Names of all clients have been changed.
An unhealthy or toxic relationship is one where you feel stuck in an unproductive, destructive, hostile or dependent pattern. These patterns cause you to go back and forth between wanting to leave and deciding to stay.
The critical question of toxic relationships is whether it’s time to leave. Here are 5 ways toxicity can crop up in relationships.
When one feels controlled by their partner
When a relationship is driven almost entirely by one person, that could be a sign of a toxic relationship.
Andy and Julie have been together for two years. Andy has a lot of opinions: he tells Julie what to wear, when to eat, where to buy her groceries- there is nothing that Andy leaves to Julie to figure out. At first, Julie enjoyed Andy’s involvement. It felt like he really cared about her and she agreed with most of his suggestions and even when they disagreed, she was happy to follow his lead.
Lately, however, Julie has begun to feel stifled and even derailed by Andy’s demands, but she feels like she can’t say no. Julie says, “I don’t feel like I had a choice. If I don’t do what he says, he refuses to speak to me or makes me feel like an idiot. It isn’t worth the trouble to disagree… and like I said, he’s usually right. I just want to feel like I can make my own decisions.”
Julie and Andy are likely in a toxic relationship. Though this doesn’t mean that Julie and Andy need to breakup, it does mean that they need some help to redefine the way they interact so that both partners can feel equal.
If you find yourself in a similar situation, I can help you navigate these discussions with your partner.
When one partner relies too much on the other
There are times when one person consults their partner on too many decisions- no matter how small.The consulted partner can feel put upon, taken advantage of, irritated and annoyed. Eventually, they often lose respect for their partner and wonder what happened to the adult person they fell in love with.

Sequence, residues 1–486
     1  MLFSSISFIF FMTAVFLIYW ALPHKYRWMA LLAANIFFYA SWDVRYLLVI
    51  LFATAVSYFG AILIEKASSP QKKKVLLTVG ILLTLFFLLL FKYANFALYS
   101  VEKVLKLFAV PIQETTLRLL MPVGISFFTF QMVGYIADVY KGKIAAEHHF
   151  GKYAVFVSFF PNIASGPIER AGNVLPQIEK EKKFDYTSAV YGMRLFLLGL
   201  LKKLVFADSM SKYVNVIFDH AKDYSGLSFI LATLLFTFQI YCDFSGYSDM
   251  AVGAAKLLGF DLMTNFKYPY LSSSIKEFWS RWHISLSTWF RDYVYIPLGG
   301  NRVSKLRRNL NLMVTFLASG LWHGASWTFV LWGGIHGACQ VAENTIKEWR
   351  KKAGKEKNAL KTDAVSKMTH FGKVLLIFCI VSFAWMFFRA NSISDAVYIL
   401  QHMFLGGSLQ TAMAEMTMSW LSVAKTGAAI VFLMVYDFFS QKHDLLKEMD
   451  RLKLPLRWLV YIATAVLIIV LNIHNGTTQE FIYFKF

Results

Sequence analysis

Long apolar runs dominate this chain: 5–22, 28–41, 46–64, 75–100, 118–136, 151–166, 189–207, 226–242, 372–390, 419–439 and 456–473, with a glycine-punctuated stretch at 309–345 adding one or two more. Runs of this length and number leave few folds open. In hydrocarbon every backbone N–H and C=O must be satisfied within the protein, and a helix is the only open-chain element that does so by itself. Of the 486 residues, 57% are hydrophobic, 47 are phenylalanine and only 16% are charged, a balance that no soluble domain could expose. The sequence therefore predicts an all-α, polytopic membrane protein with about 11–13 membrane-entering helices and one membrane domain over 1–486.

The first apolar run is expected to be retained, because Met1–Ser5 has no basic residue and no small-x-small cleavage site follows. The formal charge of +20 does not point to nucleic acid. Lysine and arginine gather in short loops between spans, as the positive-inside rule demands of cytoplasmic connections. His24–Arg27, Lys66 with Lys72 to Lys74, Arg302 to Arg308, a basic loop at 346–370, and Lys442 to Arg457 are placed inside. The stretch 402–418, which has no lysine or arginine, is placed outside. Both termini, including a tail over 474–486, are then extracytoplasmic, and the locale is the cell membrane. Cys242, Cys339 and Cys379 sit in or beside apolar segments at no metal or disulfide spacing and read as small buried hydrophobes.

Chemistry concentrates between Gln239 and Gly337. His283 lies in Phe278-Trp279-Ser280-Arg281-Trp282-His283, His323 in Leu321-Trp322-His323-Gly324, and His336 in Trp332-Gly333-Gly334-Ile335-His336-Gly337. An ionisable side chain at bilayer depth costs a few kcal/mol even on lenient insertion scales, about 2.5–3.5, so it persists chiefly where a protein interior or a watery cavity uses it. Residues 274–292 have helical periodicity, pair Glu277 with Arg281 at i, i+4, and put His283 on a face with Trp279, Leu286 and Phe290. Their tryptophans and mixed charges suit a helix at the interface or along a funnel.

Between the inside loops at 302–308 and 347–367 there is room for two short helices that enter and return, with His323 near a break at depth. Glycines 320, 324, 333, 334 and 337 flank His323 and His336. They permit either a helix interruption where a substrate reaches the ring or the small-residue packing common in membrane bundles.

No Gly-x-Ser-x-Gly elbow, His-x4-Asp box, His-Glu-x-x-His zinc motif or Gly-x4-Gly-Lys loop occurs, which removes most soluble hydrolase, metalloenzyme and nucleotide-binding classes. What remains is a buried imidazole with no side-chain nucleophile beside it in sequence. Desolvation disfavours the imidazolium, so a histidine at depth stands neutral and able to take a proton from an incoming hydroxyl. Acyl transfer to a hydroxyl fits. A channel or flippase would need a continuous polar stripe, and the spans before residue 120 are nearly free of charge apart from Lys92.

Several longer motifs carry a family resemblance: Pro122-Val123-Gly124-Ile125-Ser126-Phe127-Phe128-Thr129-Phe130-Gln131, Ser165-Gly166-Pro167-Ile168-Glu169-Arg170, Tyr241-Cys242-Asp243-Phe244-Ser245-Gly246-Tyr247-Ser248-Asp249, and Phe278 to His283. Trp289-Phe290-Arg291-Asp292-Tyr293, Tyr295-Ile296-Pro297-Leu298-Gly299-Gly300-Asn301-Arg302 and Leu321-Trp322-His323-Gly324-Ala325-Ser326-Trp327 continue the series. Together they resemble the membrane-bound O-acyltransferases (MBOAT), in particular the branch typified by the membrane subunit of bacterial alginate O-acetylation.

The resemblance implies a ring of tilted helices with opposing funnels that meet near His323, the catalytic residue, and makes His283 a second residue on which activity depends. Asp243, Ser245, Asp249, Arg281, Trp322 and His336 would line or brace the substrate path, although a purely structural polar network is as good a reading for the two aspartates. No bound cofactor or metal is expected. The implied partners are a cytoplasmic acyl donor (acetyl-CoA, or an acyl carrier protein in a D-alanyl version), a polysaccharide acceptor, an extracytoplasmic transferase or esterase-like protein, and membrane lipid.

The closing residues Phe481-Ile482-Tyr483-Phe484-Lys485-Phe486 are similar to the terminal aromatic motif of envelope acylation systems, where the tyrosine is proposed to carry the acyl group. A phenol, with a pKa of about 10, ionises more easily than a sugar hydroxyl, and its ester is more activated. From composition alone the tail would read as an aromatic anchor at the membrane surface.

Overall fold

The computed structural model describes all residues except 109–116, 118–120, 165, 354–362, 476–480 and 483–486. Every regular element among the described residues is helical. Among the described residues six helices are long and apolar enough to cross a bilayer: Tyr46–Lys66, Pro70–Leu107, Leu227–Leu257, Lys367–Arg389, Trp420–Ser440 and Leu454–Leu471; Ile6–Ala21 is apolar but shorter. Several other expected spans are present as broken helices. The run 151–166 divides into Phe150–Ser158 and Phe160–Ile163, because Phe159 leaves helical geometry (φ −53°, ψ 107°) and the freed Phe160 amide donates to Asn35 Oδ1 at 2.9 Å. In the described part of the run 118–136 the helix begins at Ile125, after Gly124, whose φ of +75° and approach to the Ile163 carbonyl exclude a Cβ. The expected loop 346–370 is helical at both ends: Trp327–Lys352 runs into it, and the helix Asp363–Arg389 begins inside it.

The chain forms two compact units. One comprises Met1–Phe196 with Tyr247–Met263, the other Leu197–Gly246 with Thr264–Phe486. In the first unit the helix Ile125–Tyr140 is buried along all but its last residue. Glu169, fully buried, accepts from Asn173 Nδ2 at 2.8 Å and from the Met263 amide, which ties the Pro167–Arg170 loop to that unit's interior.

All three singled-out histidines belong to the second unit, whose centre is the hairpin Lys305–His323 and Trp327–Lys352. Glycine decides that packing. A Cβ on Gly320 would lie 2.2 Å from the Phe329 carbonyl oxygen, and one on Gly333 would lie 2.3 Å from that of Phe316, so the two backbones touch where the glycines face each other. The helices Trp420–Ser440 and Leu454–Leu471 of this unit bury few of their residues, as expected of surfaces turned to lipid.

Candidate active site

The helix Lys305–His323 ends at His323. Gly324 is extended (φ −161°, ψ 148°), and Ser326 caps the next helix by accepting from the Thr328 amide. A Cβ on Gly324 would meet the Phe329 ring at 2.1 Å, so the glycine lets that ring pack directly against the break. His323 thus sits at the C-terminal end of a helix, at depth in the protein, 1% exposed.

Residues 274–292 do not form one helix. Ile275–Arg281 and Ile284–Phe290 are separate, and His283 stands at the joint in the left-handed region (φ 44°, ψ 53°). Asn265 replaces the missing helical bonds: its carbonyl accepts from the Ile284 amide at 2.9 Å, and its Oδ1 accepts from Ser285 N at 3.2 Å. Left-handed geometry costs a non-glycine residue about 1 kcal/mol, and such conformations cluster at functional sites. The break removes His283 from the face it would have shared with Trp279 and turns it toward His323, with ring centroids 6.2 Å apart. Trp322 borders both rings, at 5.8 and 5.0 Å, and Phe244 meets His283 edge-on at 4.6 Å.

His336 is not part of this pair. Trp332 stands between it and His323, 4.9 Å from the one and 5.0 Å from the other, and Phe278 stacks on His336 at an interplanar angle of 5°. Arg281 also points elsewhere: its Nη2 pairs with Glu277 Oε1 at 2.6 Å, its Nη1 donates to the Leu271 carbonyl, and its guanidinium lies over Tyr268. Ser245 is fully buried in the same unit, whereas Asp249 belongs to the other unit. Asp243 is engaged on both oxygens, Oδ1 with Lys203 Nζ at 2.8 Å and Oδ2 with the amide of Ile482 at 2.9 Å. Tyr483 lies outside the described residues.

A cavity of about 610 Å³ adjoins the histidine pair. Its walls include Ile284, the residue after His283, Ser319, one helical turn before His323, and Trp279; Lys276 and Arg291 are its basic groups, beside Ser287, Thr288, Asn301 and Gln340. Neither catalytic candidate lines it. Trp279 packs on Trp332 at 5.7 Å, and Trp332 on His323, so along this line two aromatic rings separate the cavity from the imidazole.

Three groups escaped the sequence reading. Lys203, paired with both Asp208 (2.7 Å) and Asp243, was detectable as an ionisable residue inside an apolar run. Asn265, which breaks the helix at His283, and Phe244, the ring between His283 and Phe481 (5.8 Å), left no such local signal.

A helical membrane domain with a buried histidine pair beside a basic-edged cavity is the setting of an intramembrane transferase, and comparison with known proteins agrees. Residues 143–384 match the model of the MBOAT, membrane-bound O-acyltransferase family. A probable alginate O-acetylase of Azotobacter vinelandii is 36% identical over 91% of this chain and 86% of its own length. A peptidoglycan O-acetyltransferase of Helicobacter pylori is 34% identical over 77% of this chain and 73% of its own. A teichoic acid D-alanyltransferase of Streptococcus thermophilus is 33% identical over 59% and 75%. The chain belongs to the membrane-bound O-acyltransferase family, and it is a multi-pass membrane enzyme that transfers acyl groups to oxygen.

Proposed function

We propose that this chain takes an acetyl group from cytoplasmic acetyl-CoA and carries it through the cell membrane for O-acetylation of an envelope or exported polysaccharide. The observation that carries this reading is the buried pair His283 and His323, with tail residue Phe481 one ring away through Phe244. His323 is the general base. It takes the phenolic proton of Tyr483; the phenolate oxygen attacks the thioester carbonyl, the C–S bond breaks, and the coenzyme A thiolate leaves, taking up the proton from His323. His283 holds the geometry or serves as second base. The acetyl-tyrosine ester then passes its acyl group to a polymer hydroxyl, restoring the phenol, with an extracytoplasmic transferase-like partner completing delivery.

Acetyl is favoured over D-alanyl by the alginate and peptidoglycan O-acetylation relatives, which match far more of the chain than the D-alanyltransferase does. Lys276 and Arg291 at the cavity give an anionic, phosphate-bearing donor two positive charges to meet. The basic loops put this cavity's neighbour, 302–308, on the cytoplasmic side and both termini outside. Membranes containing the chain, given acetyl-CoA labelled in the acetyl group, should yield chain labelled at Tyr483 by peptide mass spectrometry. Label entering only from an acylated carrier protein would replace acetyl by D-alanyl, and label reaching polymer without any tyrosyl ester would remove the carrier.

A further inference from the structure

Amanda’s boyfriend Robert calls her every time he has a decision to make. It could be an important decision, like whether he should leave his job. Or, it can be a small one, like whether he should have Ramen again for the 4th night in a row. At first, Amanda liked feeling so included, consulted and involved. Now, though, when Robert calls, she doesn’t want to pick up the phone. “I don’t want to be my boyfriend’s mother. I want to have an adult relationship with him.”
Helping and relying on one another is a fundamental part of healthy love, but when you feel like your partner can’t think for themselves, this often begins to deteriorate a trusting adult romantic relationship.
If you find yourself in a dependent relationship, I can help you find balance in your relationship.
When money corrupts the relationship
It is common for one partner to make more money than the other. That doesn’t have to be a problem when both partners feel equal to each other. Sometimes, however, money can be used as a weapon of control and power. When this happens, the relationship can get corrupted.
Darryl and Michael have been together for fifteen years and share a bank account. When they first got together they were both struggling actors. Darryl is still auditioning and looking for his big break, while Michael has left acting and is now the creative director at an advertising agency. At first it was great that they had more money, but over time Darryl began to feel like Michael was monitoring his spending and second guessing his choices.
“It feels like I’m under surveillance. Even when I spend small amounts of money, he makes me feel guilty. And last year, when I wanted to buy a double oven so we can host our thanksgiving dinner with our friends, Michael completely blew up. He called me a slacker and said I was using him for his money. I can still hear those words in my ears.”